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Rolls Royce historical film on U tube

Rolls Royce historical film on U tube

RE: Rolls Royce historical film on U tube

Interesting film. However, thy did fail to mention that a very large number of Merlin engines were manufactured, under license, by Packard Motor Car Company in the US during the war. Virtually all the Merlin engines installed in P-51 Mustangs were manufactured by Packard, however by the end of the war Packard was shipping engines to England as well.

One scene in the film that was of interest to me was when they showed a machine finishing a crankshaft and on the side you could clearly 'Wicks: Saginaw, MI". I worked for 14 years in Saginaw and recall the old 'Wicks' factory. And as it happens, the manufacturing facility where I worked was actually part of a British company.

And another story, when I was on a job sight in the UK several years ago, I had a free weekend and so I visited the Air arm of the Imperial War Museum located at Duxford, near Cambridge. This was an old RAF base that later in the war was where the U.S. 8th Air Force flew B-17's from. After the war it was eventually turned in an air museum. The weekend that I was there they hauled out a Spitfire and gave a demonstration flight. That plane was amazing and the pilot made several really low passes over the field at full throttle as well as somme higher altitude aerobatic maneuvers. Watching this plane being put through it's paces, you couldn't help but wonder it must have like when there were hundred or so of these planes in the sky at once.

John R. Baker, P.E.
Product 'Evangelist'
Product Engineering Software
Siemens PLM Software Inc.
Digital Factory
Cypress, CA
Siemens PLM:
UG/NX Museum:

To an Engineer, the glass is twice as big as it needs to be.

RE: Rolls Royce historical film on U tube

(OP)
John,
That film was a piece of puffery for Rolls Royce, you do not think that they would, admit, that somebody else could possibly make " Their engine.".
The wartime cooperation with Packard was not something they would readily mention.
I see that now you are retired , you can spend time in corners of the forum like this one.
B.E.

You are judged not by what you know, but by what you can do.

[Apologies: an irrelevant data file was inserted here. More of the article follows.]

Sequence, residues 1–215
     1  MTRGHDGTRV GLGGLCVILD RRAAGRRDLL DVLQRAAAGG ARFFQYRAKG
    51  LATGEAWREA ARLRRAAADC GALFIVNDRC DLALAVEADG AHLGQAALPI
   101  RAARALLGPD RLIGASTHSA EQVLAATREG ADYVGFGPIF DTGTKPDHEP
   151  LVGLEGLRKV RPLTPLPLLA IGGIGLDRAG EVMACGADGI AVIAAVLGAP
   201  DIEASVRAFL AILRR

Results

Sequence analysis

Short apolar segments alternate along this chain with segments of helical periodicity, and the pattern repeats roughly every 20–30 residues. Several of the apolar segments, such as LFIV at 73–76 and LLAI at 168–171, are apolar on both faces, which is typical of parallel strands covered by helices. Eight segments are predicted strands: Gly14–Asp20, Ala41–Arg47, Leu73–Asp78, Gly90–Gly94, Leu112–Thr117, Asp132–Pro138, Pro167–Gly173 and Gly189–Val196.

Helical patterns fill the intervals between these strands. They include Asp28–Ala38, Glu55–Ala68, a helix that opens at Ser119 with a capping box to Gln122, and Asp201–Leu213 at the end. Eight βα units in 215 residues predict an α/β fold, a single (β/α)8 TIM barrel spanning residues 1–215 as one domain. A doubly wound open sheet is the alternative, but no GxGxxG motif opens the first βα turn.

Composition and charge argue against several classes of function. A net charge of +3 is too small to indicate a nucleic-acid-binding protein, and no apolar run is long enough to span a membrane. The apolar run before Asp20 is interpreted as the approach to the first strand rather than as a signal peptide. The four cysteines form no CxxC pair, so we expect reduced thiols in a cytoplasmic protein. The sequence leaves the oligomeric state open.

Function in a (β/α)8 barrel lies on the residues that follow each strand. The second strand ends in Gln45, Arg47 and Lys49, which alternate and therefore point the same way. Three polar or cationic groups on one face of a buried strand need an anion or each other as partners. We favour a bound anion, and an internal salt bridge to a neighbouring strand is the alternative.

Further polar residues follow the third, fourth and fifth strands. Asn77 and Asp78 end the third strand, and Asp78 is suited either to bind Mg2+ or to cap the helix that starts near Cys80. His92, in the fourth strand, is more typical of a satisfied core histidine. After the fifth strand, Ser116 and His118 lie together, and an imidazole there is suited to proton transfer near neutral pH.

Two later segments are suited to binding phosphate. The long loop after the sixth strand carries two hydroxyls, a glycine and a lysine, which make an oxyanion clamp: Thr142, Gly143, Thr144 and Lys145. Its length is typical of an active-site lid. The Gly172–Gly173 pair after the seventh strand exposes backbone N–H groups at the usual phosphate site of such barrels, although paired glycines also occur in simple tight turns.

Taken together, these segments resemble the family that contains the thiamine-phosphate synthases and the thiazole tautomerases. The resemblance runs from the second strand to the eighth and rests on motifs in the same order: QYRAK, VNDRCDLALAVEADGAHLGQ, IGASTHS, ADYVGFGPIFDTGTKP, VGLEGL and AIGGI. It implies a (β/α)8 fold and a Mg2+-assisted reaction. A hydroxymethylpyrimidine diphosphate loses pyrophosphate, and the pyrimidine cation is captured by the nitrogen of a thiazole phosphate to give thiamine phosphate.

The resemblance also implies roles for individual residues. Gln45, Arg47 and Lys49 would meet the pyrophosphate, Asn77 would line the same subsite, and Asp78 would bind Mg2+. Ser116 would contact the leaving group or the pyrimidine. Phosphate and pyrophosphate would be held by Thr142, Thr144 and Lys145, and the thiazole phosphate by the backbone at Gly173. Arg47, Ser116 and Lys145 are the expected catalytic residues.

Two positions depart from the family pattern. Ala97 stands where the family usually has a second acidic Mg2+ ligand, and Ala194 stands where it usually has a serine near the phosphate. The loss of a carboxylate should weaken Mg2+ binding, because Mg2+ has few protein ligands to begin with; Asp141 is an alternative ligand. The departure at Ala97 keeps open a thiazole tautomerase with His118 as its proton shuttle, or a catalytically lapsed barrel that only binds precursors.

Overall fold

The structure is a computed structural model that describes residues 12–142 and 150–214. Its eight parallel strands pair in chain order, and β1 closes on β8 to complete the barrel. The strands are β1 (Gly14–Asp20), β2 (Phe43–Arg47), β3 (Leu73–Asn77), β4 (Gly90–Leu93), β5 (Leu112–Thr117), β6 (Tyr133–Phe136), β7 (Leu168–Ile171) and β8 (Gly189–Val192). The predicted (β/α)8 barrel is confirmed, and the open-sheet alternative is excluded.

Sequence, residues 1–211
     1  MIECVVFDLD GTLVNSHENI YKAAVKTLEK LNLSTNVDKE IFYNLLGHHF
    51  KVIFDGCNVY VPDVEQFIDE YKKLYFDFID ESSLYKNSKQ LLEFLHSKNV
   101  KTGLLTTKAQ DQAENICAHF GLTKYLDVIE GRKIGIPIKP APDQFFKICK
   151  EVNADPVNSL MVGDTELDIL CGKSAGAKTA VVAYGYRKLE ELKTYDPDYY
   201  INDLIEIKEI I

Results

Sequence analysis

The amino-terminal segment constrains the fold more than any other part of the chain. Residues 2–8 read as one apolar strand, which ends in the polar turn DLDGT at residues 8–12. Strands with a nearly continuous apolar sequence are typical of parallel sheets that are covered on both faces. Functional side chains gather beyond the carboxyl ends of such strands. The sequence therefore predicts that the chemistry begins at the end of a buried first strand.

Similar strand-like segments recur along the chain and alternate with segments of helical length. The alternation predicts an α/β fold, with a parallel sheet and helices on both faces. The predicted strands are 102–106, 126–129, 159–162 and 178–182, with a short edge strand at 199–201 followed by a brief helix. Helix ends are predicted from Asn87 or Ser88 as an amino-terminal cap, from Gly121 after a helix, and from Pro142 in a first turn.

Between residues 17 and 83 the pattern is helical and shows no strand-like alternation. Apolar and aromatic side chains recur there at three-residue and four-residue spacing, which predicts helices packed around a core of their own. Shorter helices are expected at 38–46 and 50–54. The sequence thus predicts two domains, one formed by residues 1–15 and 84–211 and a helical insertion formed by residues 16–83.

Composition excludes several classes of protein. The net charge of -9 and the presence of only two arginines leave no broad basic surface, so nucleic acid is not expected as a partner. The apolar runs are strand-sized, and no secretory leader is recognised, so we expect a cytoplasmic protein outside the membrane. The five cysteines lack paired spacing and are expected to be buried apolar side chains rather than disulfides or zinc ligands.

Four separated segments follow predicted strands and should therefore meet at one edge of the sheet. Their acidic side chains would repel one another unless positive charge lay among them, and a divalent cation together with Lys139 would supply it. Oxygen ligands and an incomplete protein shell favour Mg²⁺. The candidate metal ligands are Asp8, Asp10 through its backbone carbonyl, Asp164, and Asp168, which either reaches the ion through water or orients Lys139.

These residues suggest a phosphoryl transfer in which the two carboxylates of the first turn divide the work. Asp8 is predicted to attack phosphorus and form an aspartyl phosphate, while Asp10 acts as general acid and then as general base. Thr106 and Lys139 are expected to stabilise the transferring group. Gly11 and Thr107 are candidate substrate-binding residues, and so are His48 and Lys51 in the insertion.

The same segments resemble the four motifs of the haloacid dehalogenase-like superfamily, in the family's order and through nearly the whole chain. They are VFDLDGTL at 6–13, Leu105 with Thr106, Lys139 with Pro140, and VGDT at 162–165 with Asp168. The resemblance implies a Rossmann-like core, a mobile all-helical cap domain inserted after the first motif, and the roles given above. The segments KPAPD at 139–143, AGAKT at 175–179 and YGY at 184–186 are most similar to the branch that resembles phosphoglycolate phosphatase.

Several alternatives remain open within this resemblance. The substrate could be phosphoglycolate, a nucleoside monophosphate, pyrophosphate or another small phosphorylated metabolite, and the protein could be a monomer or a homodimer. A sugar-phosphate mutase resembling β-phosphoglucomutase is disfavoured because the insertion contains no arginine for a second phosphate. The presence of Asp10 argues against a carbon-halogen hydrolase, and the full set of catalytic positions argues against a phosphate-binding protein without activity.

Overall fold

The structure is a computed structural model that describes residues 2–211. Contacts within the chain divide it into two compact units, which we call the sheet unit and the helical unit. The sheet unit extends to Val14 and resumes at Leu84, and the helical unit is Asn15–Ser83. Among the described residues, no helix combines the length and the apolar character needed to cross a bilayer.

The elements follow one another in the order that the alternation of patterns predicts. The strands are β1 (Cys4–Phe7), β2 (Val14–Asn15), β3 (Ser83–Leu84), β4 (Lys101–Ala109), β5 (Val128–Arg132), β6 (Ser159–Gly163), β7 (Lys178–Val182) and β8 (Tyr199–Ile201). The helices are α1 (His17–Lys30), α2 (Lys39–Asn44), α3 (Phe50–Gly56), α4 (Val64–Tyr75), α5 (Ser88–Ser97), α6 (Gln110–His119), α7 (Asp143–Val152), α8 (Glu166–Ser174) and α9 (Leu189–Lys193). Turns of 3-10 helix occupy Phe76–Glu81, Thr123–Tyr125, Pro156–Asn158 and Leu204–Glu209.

RE: Rolls Royce historical film on U tube

JohnRBaker,

All the P-51B, C, D and H Mustangs were powered by Packard Merlins, as were the Curtis P-40F and K. The Spitfire XVI was a Spitfire IX with a Packard Merlin, and usually, a bubble canopy and cut-down rear fuselage. I suspect that most flying Spitfires today are late models with larger Rolls Royce Griffon engines. These have either five blade, or contra-rotating six blade propellors. There is at least one Seafire XV flying with a single stage supercharger Griffon and four blade prop.

The Mosquitos and Lancasters built in Canada generally had Packard Merlin engines. I don't have a reference in front of me, but I believe that a Mosquito BIV made in Canada with Packard Merlins would be a B26.

--
JHG

RE: Rolls Royce historical film on U tube

The Spitfire I saw at the Duxford Museum, I'm pretty sure it had only four-blades. I KNOW it didn't have contra-rotating blades as I would have definitely remembered that.

John R. Baker, P.E.
EX-Product 'Evangelist'
Irvine, CA
Siemens PLM:
UG/NX Museum:

To an Engineer, the glass is twice as big as it needs to be.

RE: Rolls Royce historical film on U tube

(OP)
For the most part the contra rotating propellers did not show up until after the end of WW2 although they were developed in 1944. The first serious use of the contra rotating prop was on the sea fire to get the prop diameter down and counteract torque swing for carrier use.
Rotol ( later Dowty Rotol ) made most of the four blade, five blade and six blade contra propellers used on the spitfires.
B.E.

You are judged not by what you know, but by what you can do.

RE: Rolls Royce historical film on U tube

Loved the film. Great showcase for what it takes to design and commission a new engine. Then build it in large numbers. There aren't many of these films around - ones that go all the way from sand cores to final assembly.

Steve

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